A man buys a 35 foot sailboat. He removes the inboard motor, and docks the boat. He attaches a generator to the boat and moves onto the boat as his principal residence. He maintains the boat permanently at the docking facility, never sailing the boat for commercial or recreational purposes. The question is whether the boat qualifies as his Florida homestead for purposes of creditor protection.

A state appeals court in Miami issued a decision in 1994 which held that a debtor’s houseboat qualified as homestead property. Other court decisions have broadly applied homestead protection to all sorts of legal or equitable interests in a variety of residential arrangements. However, several bankruptcy courts have narrowed homestead exemption as applied to boats. Many bankruptcy decisions is that homestead protection should be afforded only to boats designed and built as residences: houseboats.

On the other hand, a decision in bankruptcy court of Florida’s southern division protected a boat which was equipped to function as a dwelling, was permanently docked, and was the debtor’s only residence. To be conservative, however, a Florida debtor should assume that boats designed for recreational or commercial use do not qualify as homestead even if these boats cannot sail without repairs or improvements and even the debtor attaches the boat to a dock and uses the boat as his primary residence. In other words, the majority, but not all, of bankruptcy courts are saying that even if a boat is used as a homestead its not a homestead unless it looks like a homestead.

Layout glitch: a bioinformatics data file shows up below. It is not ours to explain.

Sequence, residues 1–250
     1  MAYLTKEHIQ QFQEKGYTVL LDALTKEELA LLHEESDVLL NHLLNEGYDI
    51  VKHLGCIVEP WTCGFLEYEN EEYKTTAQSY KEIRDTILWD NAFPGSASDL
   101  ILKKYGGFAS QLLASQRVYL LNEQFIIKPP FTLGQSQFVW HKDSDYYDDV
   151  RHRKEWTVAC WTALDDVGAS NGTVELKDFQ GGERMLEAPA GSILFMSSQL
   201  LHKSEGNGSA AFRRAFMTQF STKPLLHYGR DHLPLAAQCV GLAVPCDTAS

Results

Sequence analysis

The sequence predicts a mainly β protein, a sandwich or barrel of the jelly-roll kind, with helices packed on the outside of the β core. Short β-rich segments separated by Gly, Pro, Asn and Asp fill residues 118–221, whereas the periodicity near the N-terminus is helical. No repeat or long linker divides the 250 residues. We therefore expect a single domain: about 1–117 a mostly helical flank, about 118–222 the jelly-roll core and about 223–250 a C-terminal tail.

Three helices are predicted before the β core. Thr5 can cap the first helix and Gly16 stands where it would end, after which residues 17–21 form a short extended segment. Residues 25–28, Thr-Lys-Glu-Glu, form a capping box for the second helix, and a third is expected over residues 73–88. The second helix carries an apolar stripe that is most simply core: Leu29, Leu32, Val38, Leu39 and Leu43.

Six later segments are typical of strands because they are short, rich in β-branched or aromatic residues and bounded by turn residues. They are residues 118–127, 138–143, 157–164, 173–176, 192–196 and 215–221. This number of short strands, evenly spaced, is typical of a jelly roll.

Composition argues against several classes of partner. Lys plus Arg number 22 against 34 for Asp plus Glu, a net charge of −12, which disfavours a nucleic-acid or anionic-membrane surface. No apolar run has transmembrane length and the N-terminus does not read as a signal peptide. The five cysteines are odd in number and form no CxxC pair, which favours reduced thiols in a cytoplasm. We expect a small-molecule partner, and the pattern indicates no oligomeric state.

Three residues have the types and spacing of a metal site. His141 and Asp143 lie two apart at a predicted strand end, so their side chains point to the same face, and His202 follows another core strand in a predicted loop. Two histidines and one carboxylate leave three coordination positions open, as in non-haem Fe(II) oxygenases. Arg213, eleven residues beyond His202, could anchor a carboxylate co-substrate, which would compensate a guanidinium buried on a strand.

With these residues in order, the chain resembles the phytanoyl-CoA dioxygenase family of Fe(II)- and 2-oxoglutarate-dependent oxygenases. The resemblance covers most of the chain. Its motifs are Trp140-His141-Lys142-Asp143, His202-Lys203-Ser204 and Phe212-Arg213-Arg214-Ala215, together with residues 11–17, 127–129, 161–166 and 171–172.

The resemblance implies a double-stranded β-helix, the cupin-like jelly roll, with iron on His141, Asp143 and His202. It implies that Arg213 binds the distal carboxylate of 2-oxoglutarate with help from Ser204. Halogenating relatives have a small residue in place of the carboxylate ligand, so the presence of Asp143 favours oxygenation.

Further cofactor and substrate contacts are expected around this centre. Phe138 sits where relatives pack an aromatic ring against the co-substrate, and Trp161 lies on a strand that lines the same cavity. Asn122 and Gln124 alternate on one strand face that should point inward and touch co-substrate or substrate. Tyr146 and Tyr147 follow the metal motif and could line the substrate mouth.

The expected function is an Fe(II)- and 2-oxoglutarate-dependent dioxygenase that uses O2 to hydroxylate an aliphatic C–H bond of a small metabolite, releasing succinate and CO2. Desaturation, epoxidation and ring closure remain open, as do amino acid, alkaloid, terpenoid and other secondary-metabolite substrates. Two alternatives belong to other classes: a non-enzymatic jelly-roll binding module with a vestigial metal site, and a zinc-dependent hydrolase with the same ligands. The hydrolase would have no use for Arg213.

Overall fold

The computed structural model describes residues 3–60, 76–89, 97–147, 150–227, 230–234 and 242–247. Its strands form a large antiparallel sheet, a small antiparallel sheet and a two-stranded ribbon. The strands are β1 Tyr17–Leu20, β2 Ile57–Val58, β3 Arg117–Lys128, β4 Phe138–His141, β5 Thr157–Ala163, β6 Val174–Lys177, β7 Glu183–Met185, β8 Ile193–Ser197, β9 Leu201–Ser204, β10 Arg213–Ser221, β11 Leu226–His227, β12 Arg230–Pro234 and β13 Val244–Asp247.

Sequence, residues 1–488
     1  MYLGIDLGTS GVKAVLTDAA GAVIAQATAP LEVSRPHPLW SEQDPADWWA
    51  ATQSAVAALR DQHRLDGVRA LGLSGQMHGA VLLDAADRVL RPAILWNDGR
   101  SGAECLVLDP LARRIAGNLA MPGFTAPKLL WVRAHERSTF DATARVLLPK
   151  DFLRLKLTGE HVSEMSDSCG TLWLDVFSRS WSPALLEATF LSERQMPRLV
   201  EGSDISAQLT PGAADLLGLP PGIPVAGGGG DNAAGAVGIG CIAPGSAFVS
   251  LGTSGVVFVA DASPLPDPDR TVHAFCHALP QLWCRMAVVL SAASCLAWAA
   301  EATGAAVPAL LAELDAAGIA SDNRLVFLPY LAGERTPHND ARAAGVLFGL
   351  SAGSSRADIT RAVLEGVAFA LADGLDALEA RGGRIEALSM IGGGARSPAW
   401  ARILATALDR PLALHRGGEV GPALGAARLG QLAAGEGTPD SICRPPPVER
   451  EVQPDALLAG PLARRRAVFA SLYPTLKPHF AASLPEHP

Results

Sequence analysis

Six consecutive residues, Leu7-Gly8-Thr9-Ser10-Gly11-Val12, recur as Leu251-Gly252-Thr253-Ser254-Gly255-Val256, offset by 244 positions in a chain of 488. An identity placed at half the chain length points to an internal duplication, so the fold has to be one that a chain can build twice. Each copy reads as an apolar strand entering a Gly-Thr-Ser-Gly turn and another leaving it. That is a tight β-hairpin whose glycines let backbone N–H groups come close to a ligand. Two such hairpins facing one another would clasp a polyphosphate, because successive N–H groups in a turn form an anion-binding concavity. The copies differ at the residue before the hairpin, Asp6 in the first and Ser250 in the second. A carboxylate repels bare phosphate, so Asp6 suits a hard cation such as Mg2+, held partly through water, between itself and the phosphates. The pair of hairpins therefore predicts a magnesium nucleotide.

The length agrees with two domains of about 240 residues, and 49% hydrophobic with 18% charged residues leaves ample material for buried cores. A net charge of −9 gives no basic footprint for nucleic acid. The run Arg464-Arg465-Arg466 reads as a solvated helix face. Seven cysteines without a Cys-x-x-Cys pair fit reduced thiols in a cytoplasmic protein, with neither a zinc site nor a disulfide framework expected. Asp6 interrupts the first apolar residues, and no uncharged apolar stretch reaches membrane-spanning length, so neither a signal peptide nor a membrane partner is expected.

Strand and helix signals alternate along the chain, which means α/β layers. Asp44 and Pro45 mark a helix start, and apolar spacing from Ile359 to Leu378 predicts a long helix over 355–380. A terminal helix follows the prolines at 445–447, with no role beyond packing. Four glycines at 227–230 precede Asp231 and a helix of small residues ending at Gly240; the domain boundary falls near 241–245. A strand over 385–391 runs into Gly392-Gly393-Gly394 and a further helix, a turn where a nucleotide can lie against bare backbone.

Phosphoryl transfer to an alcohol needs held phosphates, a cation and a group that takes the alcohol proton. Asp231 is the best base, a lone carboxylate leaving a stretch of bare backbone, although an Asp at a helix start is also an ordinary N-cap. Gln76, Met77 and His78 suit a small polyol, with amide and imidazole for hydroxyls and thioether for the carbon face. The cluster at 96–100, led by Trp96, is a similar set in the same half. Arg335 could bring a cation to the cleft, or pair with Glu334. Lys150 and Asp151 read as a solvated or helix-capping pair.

Jon Alper

About the Author

I’m a nationally recognized attorney specializing in asset protection planning. I graduated with honors from the University of Florida Law School and have practiced law for almost 50 years.

I have been recognized as a legal expert by media outlets such as the New York Times and the Wall Street Journal. I have helped thousands of clients protect their assets from creditors.

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